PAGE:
Caabu welcomes Airbnb decision to remove listings from illegal Israeli settlements in the West Bank, urges other companies like Booking.com to follow suit

Posted by Caabu on 20 Nov 2018

Caabu welcomes Airbnb’s announcement on 19 November 2018 to remove its listings in illegal Israeli settlements in the West Bank. Other companies such as Booking.com should also remove their listings in these settlements. Both companies need to go further and remove their listings in illegal settlements in Occupied East Jerusalem and the Occupied Golan Heights.

The announcement preceded the release of a report by Human Rights Watch and Kerem Navot: Bed and Breakfast on Stolen Land: Tourist Rental Listings in West Bank Settlements, and has come after years of pressure from numerous organisations and media outlets, including 972 magazine who produced an extensive report in January 2016 and Caabu who wrote to Airbnb in February 2016. Airbnb failed to reply. It also took Airbnb four months to reply to a November 2017 letter from MPs Julie Elliott, Chris Elmore, Lilian Greenwood, Graham Jones and Holly Lynch, who visited Palestine with Caabu and Medical Aid for Palestinians in September 2017. At the time, Airbnb said that they “have consistently argued against policies across the world that seek to restrict travel and have taken active steps to challenge barriers”.

The 51-year-old Occupation, including settlements, inflicts the greatest barrier to peaceful relations between Israelis and Palestinians, and imposes misery on those enduring it. It is vital that companies such as Airbnb adhere to international law, and do not themselves profit from an illegal Occupation – with these listingsconsidered illegal under international law as a breach of the Fourth Geneva Convention and reinforced by the United Nations Security Council Resolution 446 (March, 1979).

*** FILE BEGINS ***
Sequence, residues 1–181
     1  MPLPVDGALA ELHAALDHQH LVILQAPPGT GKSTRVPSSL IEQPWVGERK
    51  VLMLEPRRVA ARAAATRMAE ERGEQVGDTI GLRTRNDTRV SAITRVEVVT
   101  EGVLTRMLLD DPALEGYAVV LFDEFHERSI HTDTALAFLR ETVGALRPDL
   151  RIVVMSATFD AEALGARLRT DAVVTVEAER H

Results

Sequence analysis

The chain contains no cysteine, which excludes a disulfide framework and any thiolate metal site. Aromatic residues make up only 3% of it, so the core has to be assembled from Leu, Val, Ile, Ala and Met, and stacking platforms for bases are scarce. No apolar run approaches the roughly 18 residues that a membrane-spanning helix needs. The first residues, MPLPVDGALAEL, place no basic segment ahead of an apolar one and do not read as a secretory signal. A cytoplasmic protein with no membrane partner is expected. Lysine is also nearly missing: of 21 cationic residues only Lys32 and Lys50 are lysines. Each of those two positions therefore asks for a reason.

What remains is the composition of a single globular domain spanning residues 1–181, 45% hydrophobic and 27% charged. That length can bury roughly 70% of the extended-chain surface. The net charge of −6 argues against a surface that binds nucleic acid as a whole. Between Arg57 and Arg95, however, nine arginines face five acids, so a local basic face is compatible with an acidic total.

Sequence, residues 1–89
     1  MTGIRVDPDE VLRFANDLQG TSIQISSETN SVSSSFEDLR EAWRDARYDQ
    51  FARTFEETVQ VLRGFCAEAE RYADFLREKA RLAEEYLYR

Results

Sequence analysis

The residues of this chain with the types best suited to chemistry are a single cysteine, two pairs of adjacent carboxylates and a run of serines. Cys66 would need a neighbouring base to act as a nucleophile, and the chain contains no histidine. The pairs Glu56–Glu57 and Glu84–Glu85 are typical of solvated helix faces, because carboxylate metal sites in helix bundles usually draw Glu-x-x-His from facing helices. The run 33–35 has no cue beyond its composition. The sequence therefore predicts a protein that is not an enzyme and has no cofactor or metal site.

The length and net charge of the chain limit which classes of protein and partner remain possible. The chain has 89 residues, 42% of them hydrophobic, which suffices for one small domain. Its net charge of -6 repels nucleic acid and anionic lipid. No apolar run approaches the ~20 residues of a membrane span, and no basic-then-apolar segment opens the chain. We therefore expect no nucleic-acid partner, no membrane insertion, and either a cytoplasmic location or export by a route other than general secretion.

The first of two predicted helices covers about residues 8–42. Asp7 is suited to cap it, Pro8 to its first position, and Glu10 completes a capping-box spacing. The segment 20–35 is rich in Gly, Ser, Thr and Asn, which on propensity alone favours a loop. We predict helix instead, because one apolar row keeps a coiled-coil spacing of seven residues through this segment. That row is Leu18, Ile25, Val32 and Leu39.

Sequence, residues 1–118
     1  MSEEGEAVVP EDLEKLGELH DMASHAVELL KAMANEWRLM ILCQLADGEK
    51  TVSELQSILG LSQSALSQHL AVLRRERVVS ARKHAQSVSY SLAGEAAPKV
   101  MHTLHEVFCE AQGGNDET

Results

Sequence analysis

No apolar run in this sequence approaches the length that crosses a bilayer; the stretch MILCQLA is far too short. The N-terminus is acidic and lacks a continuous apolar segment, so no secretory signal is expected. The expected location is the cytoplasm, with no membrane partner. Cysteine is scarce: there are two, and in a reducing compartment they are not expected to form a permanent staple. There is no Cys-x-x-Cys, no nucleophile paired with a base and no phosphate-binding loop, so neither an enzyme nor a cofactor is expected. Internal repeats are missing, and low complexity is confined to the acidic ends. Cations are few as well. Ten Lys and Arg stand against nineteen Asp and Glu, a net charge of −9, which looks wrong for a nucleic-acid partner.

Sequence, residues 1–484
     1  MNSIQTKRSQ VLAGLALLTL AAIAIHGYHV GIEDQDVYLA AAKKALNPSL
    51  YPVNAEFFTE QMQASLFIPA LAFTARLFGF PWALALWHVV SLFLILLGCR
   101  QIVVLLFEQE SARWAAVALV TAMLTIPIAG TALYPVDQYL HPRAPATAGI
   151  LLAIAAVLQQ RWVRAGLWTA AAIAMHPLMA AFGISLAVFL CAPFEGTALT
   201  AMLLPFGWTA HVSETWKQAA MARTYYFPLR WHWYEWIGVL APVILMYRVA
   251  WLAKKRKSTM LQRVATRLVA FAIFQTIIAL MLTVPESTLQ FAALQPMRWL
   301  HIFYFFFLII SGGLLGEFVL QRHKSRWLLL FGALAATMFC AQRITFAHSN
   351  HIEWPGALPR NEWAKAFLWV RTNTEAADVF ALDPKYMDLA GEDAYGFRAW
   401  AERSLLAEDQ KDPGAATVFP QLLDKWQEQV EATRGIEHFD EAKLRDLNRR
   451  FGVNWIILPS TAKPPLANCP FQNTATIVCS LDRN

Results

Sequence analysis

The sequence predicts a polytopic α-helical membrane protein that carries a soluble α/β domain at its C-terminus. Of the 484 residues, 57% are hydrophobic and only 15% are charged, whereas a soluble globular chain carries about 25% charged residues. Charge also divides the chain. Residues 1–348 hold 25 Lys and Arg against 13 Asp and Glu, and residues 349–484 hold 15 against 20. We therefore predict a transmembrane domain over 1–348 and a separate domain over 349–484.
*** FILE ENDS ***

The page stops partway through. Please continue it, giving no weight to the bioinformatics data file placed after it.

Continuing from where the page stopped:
Jess Phillips MP, who visited Palestine with Caabu and Medical Aid for Palestinians in February 2018 said:

“I’m glad Airbnb have made this decision. The settlements are in breach of international law and it makes a mockery when big companies ignore that for the sake of money.”

Lilian Greenwood MP who visited Palestine with Caabu and Medical Aid for Palestinians in September 2017 said:

“Airbnb’s response to our letter in November 2017 was very disappointing. Companies need to take a greater responsibility for their role in this world including in opposing illegal Occupation. Airbnb have now shown the way in a very welcome decision.”

Caabu’s Joseph Willits said:

“It is staggering that through Airbnb you were able to stay in the illegal Israeli settlement of Kfar Adumim, where settlers have long made the lives of the Bedouin Palestinian community of Khan al Ahmar a misery. Settlers there (together with companies such as Airbnb) could profit from this illegal occupation, whilst at the same time, the Israeli government is planning to demolish the homes and school of Khan al Ahmar and forcibly transfer the community which would constitute a war crime. Or you stay in the settlement of Bracha, infamous for settler violence, particularly directed towards the Palestinian village of Burin near Nablus. For every egregious human rights abuse, you could certainly find an Airbnb property to match. This positive step forward is not a moment too soon. This is not about boycotting Israel, but upholding international law. It is massively disingenuous for those to conflate ending such economic activity in territory which is not part of Israel to a boycott of Israel. It is time for more companies to follow suit, and end their operations in illegal settlements in the West Bank.”